Three self build plots were created for local families as part of a mixed tenure development in Inverarnie.

  • Background

    • In Inverarnie, a small village in the Scottish Highlands, an opportunity arose for to provide self-build plots for sale within a wider development.

      The original need for affordable housing was identified and driven by the local community council. The Highlands Small Communities Housing Trust (HSCHT), on behalf of the community, arranged a call for sites and identified a suitable location in Inverarnie. The preferred site was located in an ideal spot right in the centre of the village and fortunately, it was owned by a local landowner who was keen to support the local community’s ambitions to provide affordable housing. Once the site was secured by HSCHT they then worked closely with Albyn Housing Society to establish a suitable layout and the appropriate housing types following a thorough appraisal of the demand and available the project budget.

      Following further engagement with the community it was decided the site would be split into nine plots, four of which were self-build plots for sale at a discounted price.

  • Delivery

    • Albyn Housing Society took ownership of a portion of the site, developed the infrastructure and undertook the servicing for the whole site. They built five houses for social rent, one of which was for a family with special needs. The original landowner retained a separate plot for a family member and HSCHT provided the remaining four plots for onward sale at a discounted price.

      Due to the downturn in the self-build finance market, HSCHT was unable to sell the final self-build plot. At the same time they developed the Rent to Buy scheme as a reaction to the lack of mortgage availability in general. The remaining plot allocated for self-build, was of a suitable size to be divided into two. They built two properties for Rent to Buy purposes having previously sold the other three plots for self-build. One of the self-builders applied for Rural Home Ownership Grant (RHOG). RHOG was a Scottish Government initiative set up to help those in rural areas to purchase a plot and build a home on it. The scheme came to an end in 2011.

      Two of the projects required contractors for their build and one of them was a complete self-build project undertaken and managed by a qualified joiner.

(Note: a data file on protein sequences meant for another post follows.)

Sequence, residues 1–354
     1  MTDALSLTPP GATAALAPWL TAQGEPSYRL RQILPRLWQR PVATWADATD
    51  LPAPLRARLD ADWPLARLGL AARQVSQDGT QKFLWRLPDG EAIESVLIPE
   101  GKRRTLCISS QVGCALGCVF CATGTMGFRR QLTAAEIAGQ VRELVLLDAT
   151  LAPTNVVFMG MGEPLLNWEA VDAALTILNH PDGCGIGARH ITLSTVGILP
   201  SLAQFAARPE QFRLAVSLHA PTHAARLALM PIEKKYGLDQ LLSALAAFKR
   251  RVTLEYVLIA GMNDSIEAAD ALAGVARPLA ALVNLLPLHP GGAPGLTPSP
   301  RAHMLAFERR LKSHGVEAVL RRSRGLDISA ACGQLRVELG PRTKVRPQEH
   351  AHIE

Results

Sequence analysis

• Finance

    • All plots were purchased at a discounted price and secured by the Rural Housing Burden (RHB). A Rural Housing Burden means that if the owners of the properties want to sell them, HSCHT, and other Rural Housing Bodies, has a right of pre-emption. This means they have the right to buy back a property with a Rural Housing Burden using the discount agreed to resell it at an affordable price. For more information on Rural Housing Burdens, look at our Useful Documents page.

      Two out of three self-build projects required a deferred plot payment. This is an initiative offered by HSCHT to try to make the self-build route easier and more affordable for self-builders. It allows buyers to wait until their house is complete before paying for the plot.

      All of the self-builders were able to secure self-build bridging finance from a high street lender. Over the years however, it has become increasingly difficult to secure self-build bridging finance from high street lenders. Fortunately, new funding options have been introduced to help those who are struggling to access high street finance. See our Funding Options page for the different types of self-build finance.

  • Learning Points

      • The community were a key partner in the direction of this project and influenced measures such as the requirement for street lighting. In this rural setting, the community managed to get agreement from the local authority to limit light pollution by removing the requirement for the original street lighting design which was more akin to urban developments.
      • The availability of self-build finance and mortgage finance for the completed projects is crucial to their successful delivery. As the market was struggling to provide suitable products at that time, HSCHT were able to utilise the land for alternative uses, however if the plot was owned by an individual their choices may be more limited. Therefore, the most important point is to secure suitable project finance prior to the commencement of any self-build project.